Mumsnet's Justine Roberts talks community, the value of debate, and bursting the filter bubble

 
Elliott Haworth
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Justine Roberts, Mumsnet founder and chief executive (Source: Michael Vince Kim)

Time poverty is clearly an issue for Justine Roberts.

I have just 40 minutes on the phone with the Mumsnet founder and chief executive to disseminate a lifetime of achievement: PPE student at Oxford, a stint in the City, a journalist with a sports beat and, most recently, a recipient of a CBE for services to the economy in the New Year’s Honours list.

“It’s very nice to be recognised and to be on this list. I’ve recently been watching The Crown so have become much more of a royalist than I ever was,” she chuckles. But Roberts insists that the honour isn’t her achievement alone. “I feel very strongly that it’s an award for all the people who have worked and helped to create this fantastic community, and that includes the users and all the staff. It’s recognition of that really, it’s not a personal thing, it’s a collective thing. And you know, we should all feel proud – we do feel proud.”

The growth Mumsnet has achieved in the last 17 years may have been a collaborative effort, but before the 100-strong team now presiding over the site existed, Roberts had little but an idea, determination and guile. “If you have an idea, you’ve got to really believe in it,” she says. “It took about eight years for Mumsnet to really pay salaries to the people who were putting hours in.”

Value of experience

With such a diverse working repertoire before the inception of Mumsnet, you might think Roberts to be something of a job-hopper, but she believes that, although a City life – or a life in journalism – wasn’t for her, it was time well spent. “I think all experiences prepare you,” she says. “Every year that you’re working you’re learning something, even if it’s learning what you don’t want to do – and how to get out of it.”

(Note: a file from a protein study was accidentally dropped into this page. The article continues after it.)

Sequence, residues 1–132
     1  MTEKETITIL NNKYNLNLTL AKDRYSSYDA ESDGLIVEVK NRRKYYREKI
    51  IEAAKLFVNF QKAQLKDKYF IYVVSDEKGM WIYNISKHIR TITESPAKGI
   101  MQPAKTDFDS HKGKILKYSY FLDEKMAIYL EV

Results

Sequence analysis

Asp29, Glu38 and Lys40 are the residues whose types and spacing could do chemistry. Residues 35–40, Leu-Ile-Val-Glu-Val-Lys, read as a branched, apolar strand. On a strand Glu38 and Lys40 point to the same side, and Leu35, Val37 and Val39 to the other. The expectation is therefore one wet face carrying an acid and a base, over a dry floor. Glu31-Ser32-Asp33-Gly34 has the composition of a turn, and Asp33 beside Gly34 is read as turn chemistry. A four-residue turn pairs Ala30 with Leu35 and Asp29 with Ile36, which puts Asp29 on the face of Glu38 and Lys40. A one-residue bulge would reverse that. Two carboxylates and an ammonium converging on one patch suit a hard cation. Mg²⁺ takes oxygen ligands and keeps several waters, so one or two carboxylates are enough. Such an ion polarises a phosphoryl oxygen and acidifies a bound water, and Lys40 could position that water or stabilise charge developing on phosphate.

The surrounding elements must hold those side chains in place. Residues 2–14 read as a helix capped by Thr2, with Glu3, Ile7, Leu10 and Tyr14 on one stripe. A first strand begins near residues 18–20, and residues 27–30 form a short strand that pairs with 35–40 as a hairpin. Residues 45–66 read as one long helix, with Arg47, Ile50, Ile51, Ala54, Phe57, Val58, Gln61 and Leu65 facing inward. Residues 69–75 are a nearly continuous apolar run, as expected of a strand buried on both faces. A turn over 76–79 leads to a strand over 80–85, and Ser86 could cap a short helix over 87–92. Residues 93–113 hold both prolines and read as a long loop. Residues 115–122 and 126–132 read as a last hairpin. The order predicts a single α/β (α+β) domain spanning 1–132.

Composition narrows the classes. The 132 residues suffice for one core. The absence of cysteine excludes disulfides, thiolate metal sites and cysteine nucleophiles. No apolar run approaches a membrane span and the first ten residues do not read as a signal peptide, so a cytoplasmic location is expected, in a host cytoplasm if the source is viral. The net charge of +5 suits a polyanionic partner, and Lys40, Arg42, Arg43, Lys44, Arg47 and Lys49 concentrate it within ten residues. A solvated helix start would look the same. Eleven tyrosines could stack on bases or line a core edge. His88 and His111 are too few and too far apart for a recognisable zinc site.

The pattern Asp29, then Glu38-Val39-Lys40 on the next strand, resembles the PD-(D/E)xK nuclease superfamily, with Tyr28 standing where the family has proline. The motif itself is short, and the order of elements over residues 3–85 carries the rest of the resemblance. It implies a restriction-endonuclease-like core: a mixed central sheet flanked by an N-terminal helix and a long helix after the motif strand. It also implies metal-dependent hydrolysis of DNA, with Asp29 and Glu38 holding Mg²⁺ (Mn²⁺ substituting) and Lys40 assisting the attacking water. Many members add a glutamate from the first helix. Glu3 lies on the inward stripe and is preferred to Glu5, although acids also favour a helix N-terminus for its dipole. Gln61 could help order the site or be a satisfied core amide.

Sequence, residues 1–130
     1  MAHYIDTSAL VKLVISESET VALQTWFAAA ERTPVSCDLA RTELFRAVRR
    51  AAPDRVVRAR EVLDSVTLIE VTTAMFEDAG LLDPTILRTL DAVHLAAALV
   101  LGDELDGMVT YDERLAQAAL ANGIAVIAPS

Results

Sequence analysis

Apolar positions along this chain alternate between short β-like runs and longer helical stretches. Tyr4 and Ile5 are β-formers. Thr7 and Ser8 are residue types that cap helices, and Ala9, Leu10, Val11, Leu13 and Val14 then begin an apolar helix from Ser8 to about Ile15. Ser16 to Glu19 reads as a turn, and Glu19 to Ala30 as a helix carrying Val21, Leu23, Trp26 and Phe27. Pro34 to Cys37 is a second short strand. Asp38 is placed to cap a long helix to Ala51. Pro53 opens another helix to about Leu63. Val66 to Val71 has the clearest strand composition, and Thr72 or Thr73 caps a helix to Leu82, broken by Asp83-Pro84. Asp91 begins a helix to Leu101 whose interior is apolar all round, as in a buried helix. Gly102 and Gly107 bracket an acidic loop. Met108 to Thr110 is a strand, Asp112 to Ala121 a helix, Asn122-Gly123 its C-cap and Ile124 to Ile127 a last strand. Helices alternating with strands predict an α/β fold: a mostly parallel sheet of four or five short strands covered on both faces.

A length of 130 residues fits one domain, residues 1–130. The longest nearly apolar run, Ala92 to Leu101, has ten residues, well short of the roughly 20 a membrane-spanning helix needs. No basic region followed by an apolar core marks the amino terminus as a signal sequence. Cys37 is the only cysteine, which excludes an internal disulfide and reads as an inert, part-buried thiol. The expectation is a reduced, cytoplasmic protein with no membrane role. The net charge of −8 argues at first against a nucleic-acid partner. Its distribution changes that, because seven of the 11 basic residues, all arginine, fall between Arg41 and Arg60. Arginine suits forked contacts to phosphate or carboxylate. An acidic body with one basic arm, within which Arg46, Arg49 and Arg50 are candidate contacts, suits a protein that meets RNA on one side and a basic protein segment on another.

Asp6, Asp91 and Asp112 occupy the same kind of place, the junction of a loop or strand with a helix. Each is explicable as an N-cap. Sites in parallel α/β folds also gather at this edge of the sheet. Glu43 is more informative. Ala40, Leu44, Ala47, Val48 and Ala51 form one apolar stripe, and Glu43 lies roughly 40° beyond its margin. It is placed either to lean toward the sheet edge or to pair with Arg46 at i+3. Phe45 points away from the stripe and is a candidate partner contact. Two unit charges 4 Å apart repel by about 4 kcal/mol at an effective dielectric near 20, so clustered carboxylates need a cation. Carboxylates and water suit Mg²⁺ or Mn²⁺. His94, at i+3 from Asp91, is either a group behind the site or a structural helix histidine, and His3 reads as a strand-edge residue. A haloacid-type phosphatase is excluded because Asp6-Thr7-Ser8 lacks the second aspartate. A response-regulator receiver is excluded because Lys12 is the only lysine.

If learning what she didn’t want to do was ample preparation, Roberts also thinks that parenthood, not only gave her the idea for Mumsnet, but prepared her to enter the world of business. “It just puts you under a lot of pressure; you learn negotiating skills, you get frustrated often and become less selfish – it makes you think about other things and other people. I think, in a multitude of ways, it helps you to multitask. You’ll probably never be so stretched, busy and exhausted as when you go through motherhood.”

Native evolution

Mumsnet today is a far cry from the parenting forum Roberts envisioned during a disastrous family holiday with her young twins in 2000. Today it’s a many-headed beast, a fabric woven into the digital furniture and more popular than ever, exceeding 10m users.

“I think we view it as an online community first and foremost, and what we’re trying to do is provide solutions which make that community’s life easier. That might mean managing a great forum, or it might mean producing engaging content, putting on an event, or writing a book. It’s really just about developing, producing and offering things that make parents’ lives easier.”

Over a decade and a half later, Mumsnet is a lucrative business, turning over some £7.2m last year. Most of its revenue comes from display and programmatic advertising, but more recently it has pioneered a method of native advertising that makes the most of the site’s user base.

“What works best on Mumsnet is talking ‘Mumsnet language,’” says Roberts. “And the best bits of native content we’ve done are where brands have really allowed the community to take the lead. So very often we’ll package up the best advice from our forums, rather than put a load of blurb written by an agency or parenting guru. The whole point is really that you’re no longer broadcasting, you’re in conversation. So we have a lot of control over the creative process.”

Community